Photo, Andy Austin, Gardiner, Montana
Guest post by Sarah Lundstrom, Glacier Program Manager and Dan Bailey, Yellowstone Program Manager for the National Parks Conservation Association.
With Memorial Day behind us and a phased reopening of the state underway, the beginning of Montana’s summer tourism season is upon us. At national parks across the country, including Yellowstone and Glacier, the team at the National Parks Conservation Association remains committed to working with community leaders, the National Park Service, and visitors to implement practical measures to support the health and safety of park rangers, visitors and surrounding communities.
As a result of COVID 19 restrictions National Park staffing levels are lower than normal, amenities may be limited, masks are recommended, and social distancing should occur even when in outdoor spaces. That said, a fulfilling national park experience is waiting for you. We do, however, ask visitors to take precautions so that our national parks can stay open and our gateway communities can continue efforts towards recovery.
Small towns are the heart of Montana, and our national park gateway communities are a vital part of Glacier and Yellowstone tourism. These beloved communities offer more than a place to stay outside the park. These communities are often at the heart of our park trips, before and after hikes and rafting trips are restaurants, hotels and breweries. We all have a favorite t-shirt store, coffee shop, fishing or rafting guide, bar or brewery and on every trip we find a new favorite something in a new town. These gateway communities play host to millions of visitors every year and they do so with smiles, grace and humor. It is important for us all to remember that they are struggling with the closures and changes that COVID-19 has required of them.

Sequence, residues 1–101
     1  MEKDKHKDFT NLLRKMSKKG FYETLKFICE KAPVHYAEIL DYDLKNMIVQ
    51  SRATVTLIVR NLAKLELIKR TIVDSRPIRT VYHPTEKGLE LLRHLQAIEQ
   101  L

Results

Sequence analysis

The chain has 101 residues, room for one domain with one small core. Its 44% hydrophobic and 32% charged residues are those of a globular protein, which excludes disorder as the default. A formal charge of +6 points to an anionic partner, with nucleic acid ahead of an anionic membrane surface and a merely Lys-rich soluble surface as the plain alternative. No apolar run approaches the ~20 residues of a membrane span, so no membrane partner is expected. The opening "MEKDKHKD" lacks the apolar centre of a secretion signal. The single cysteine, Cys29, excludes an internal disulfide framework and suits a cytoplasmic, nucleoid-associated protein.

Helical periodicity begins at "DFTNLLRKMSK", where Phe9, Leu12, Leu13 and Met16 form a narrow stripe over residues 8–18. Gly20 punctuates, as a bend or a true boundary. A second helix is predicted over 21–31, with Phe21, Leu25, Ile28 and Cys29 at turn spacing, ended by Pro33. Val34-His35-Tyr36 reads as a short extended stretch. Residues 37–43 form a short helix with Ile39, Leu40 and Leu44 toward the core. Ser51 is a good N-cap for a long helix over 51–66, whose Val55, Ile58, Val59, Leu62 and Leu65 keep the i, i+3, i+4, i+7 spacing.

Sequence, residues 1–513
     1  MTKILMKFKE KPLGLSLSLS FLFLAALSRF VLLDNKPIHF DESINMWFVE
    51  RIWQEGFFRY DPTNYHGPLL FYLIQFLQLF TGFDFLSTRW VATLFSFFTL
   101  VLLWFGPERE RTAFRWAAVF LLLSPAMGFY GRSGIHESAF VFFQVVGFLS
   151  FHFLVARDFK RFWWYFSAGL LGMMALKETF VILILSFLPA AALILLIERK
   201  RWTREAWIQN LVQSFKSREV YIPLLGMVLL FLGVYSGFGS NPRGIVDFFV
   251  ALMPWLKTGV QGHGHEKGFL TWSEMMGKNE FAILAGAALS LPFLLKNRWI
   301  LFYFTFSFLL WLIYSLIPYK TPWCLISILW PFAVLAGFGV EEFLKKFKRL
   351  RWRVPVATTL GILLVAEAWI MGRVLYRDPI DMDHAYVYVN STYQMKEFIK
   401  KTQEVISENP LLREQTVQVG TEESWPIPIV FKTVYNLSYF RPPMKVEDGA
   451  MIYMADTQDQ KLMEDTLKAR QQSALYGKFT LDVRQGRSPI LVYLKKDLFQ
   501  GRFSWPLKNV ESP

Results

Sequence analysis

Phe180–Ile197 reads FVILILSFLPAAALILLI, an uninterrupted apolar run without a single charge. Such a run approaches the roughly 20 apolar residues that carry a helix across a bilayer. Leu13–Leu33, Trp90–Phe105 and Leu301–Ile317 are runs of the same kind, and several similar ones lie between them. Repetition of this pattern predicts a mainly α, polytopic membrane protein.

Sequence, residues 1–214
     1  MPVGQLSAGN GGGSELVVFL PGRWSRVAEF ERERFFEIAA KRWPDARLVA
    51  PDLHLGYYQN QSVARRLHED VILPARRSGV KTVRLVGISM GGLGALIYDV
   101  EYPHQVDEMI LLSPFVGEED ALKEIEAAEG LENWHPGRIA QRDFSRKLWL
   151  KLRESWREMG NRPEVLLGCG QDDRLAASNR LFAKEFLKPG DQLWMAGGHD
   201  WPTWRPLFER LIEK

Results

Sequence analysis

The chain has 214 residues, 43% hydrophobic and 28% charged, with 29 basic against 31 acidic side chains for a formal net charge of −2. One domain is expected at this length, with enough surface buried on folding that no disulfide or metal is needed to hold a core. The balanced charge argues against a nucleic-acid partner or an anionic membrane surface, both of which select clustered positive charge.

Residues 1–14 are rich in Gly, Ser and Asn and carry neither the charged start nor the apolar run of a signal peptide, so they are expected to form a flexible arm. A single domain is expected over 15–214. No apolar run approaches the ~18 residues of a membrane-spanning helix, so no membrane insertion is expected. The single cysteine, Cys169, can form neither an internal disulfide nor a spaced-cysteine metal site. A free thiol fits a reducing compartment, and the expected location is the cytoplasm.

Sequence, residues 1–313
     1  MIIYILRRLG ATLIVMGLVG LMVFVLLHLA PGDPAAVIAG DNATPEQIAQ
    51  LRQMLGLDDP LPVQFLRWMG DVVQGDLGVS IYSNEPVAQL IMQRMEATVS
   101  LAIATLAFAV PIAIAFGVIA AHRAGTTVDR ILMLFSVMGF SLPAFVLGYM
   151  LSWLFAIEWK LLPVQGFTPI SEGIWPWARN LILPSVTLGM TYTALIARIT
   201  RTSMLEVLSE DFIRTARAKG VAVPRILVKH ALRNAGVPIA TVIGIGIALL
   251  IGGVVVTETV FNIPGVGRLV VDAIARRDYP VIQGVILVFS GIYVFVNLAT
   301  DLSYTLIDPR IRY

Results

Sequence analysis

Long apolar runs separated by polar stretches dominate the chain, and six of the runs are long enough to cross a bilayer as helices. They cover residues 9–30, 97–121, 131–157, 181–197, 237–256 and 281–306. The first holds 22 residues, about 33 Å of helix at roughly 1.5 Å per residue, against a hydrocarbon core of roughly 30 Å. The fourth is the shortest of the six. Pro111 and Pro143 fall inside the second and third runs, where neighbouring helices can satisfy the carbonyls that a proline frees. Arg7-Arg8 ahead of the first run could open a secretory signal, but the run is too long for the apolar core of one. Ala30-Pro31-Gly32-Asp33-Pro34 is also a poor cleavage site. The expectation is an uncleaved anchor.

As small businesses in many of Montana’s gateway communities were hit especially hard economically by the COVID-19 crisis, we must do everything we can to support the state’s reopening efforts and support our communities.
West Yellowstone, Montana
The health and safety of our communities and visitors should remain a top priority. While visiting our spectacular state please be prepared for some new protocols, safety precautions and travel responsibly. That means:
- Know before you go: Know the local public health guidelines before arriving at your destination.
- Stay home if you’re sick.
- Understand some services and destinations may be limited.
- Have alternate plans in case your first choice is unavailable.
Here are several ways you can support your favorite national park gateway communities in Montana.
- Donate to a local community relief fund. Many community foundations have an emergency relief fund set up to help communities during times like these. See links below.
- Buy a gift card from your favorite places. Many restaurants, bars and breweries are only offering take-out/delivery or have closed, while many shops and stores have closed completely. Buy a gift card online for your next visit and that money will help keep them afloat.
- Plan your next trip and gear up for it. Make reservations, book a guide, find new spots, and get all the gear you need from local stores.
- If you love a place, leave a review. Spread some love online and write a review for your favorite place.
Glacier National Park
- Whitefish Community Foundation: org
- Flathead Community Foundation: org
- North Valley Food Bank:org
- Blackfeet Indian Reservation
Yellowstone National Park
- Red Lodge Area Community Foundation: rlacf.org
- Park County Community Foundation’s COVID-19 Resilience Fund serving Livingston, Gardiner and Cooke City: pccf-montana.org
- Human Resource Development Council (HRDC), serving Gallatin and Park counties and beyond: org
- Southwest Montana COVID-19 Response Fund: org/civicrm/contribute/transact?reset=1&id=19
Sarah Lundstrom is the Glacier Program Manager and Dan Bailey is the Yellowstone Program Manager for the National Parks Conservation Association